Think about the implications for a minute.
McMahon offended two noteworthy entities with the new service:
- Cable companies who made big money on the pay-per-view events and feared consumers would bypass them for the WWE Network. DIRECTV has already stopped offering WWE pay-per-views altogether. DISH Network has stopped airing all of them, only offering certain ones to customers. I have to think others such as Comcast and Verizon are none too happy either.
- Cable networks who pay large sums of money for the rights to broadcast WWE weekly television shows. USA Network, Syfy, MTV, Spike TV, UPN, CW and ION are all networks that hold or have held WWE broadcast rights in the past.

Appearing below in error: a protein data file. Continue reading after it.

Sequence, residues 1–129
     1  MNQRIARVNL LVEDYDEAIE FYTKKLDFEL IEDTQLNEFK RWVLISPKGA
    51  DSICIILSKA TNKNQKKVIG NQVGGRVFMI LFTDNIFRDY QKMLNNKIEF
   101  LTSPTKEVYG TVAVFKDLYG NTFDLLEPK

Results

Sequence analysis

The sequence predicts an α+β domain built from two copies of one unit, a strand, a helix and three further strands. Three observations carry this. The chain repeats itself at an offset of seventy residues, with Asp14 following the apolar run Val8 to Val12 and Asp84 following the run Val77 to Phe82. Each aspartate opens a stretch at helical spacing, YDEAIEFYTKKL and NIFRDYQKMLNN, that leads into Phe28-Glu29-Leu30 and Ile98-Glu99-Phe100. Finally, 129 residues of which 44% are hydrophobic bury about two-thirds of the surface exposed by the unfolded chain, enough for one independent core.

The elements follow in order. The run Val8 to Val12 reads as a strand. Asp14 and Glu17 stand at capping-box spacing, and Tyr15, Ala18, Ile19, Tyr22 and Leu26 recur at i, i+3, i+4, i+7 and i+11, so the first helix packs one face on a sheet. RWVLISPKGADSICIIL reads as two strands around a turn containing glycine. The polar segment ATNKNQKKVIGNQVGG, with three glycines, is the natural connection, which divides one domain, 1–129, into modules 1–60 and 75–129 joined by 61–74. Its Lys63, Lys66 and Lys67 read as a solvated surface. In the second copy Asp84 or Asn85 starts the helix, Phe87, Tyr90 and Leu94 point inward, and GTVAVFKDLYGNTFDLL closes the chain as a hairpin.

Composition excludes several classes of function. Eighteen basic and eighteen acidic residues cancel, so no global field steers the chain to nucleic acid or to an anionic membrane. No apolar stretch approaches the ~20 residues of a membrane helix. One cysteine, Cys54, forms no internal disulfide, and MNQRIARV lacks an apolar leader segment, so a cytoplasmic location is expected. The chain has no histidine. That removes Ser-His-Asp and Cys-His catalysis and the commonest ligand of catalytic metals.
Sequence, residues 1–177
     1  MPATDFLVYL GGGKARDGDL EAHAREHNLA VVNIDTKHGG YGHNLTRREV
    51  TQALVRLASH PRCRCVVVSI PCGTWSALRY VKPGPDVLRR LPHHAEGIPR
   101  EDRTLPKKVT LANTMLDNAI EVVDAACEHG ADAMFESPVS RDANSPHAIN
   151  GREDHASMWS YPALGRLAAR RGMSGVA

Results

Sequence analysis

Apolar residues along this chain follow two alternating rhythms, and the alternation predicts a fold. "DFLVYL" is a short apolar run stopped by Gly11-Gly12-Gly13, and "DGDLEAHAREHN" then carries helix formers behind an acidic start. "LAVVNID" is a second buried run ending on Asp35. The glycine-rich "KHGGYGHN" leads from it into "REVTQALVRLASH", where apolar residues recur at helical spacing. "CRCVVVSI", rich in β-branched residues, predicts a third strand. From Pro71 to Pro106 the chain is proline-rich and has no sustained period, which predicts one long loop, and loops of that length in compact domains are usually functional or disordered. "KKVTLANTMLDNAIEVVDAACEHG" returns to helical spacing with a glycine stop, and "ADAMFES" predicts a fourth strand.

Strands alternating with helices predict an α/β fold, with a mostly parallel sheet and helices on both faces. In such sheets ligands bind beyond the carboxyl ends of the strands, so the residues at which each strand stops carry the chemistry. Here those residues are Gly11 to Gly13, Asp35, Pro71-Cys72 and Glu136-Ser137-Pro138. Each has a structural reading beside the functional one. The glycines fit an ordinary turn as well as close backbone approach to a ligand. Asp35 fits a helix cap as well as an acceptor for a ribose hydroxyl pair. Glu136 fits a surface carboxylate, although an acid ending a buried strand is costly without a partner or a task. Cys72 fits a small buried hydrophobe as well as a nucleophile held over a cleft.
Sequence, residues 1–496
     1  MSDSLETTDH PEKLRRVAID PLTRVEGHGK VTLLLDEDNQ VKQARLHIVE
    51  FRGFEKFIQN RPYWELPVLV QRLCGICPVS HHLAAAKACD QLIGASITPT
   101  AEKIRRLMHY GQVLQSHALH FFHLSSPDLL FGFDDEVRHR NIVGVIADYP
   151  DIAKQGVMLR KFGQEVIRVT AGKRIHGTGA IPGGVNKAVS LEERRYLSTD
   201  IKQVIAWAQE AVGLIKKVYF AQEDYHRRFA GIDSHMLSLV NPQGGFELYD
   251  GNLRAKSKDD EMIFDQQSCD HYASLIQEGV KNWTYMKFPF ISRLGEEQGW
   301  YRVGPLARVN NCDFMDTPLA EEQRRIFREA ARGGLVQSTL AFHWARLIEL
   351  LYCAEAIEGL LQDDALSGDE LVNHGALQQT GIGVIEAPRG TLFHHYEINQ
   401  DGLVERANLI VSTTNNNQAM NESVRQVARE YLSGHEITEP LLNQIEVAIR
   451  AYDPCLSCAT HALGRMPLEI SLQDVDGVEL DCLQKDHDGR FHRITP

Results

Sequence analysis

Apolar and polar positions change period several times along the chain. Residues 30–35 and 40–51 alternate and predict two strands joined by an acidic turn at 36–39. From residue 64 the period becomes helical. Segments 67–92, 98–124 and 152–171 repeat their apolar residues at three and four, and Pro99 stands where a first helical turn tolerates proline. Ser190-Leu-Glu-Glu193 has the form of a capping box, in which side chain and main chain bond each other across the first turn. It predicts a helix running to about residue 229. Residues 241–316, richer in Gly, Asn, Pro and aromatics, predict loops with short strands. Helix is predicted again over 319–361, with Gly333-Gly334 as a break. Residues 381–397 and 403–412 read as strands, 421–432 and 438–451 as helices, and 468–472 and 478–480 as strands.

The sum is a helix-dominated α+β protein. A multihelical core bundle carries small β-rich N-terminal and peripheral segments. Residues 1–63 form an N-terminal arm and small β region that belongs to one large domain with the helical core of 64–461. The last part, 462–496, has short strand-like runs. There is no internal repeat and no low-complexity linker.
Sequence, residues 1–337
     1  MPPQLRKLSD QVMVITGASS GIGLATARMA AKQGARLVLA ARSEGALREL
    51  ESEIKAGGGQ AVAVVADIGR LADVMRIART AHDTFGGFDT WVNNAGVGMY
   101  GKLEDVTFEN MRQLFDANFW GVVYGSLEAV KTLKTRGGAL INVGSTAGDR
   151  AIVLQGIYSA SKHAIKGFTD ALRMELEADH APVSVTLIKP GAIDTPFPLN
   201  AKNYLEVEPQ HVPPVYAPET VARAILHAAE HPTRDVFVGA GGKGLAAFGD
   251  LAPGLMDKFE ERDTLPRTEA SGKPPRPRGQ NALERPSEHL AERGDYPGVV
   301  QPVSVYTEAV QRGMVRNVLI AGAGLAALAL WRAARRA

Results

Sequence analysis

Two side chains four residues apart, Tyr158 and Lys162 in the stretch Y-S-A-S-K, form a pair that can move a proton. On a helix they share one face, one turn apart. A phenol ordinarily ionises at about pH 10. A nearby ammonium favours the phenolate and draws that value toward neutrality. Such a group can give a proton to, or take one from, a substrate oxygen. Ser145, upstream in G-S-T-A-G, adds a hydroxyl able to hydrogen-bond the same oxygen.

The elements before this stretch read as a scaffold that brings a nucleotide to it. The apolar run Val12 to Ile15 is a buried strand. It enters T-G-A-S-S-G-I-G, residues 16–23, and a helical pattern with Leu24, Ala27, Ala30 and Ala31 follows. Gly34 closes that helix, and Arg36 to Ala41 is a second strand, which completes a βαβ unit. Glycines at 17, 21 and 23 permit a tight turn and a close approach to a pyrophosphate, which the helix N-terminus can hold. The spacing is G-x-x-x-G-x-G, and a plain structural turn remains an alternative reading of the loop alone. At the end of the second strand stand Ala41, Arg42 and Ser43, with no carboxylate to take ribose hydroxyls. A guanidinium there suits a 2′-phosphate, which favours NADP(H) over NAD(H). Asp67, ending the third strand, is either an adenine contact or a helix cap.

WWE Network and the traditional airing of WWE content on broadcast television can be done in unison, and it has been through the first five months of the Network’s life. In the future, will WWE need to continue playing ball with cable companies and networks though? Could they just try going it alone through the Network?For full disclosure purposes, WWE has not reached the financial levels it projected for the WWE Network prior to its launch. Most still believe it holds great promise though.To examine the innovation even further, consider the broader effects of what the WWE did. Can you imagine other content producers following suit? Streaming services or apps for every producer of television content? Is it more lucrative for an organization like the NFL to air all its own games, collecting 100% of the advertising fees rather than taking only a percentage of the ad money and gaining revenue from contracts with FOX, CBS and NBC?The potential is market shattering.On a more relatable note, consider how WWE went outside the box to think about ways to offer content to their audience and to monetize that content.Many wrestling matches from earlier eras were previously just not available - at all, unless you count the random grainy YouTube clip you could occasionally find. Fans now have all this content at their fingertips.Those same fans were willing to pay the price too - especially when WWE helped contextualize the price to them by setting it lower than a single pay-per-view event.Now think about your content. Do you have older content that could be made available to people? You don’t need to launch a full streaming service. You could use the tools available to you at no cost - YouTube, Vimeo or even just your website. If a custom streaming service isn’t right for your company, and it’s not for most, maybe you should think deeper about a unique, audience-driven way you could deliver that content, like WWE did.Who are your customers? Where are they? What content do you have available? What content do they want? Those questions are among the first for you to consider. You want to make it easier for people to consume your content. Keep in mind the end goal isn’t to be as creative or innovative as possible, it’s to increase the consumption of your content. So think about the delivery of content in that sense.Lessons for Us AllSometimes the best ideas don’t come from the most obvious places. Many of my clients are in the tech industry, but I get most of my ideas from reading and experiencing non-tech subjects. Creativity kicks in when you go outside your norm and think outside the box. That’s when you start thinking bigger and broader and allow yourself to think outside the parameters you, your team or an industry places on you.Even if you’re not a fan of professional wrestling, even if you think it’s fake, even if you think it’s lame, you have to respect what the WWE has done with its content marketing. From Wrestlemania to the WWE Network, they’ve done some truly innovative things. There are lessons we can all learn from in a number of the truly unique, innovative calculated risks they’ve taken.This post is syndicated from its original publishing on LinkedIn.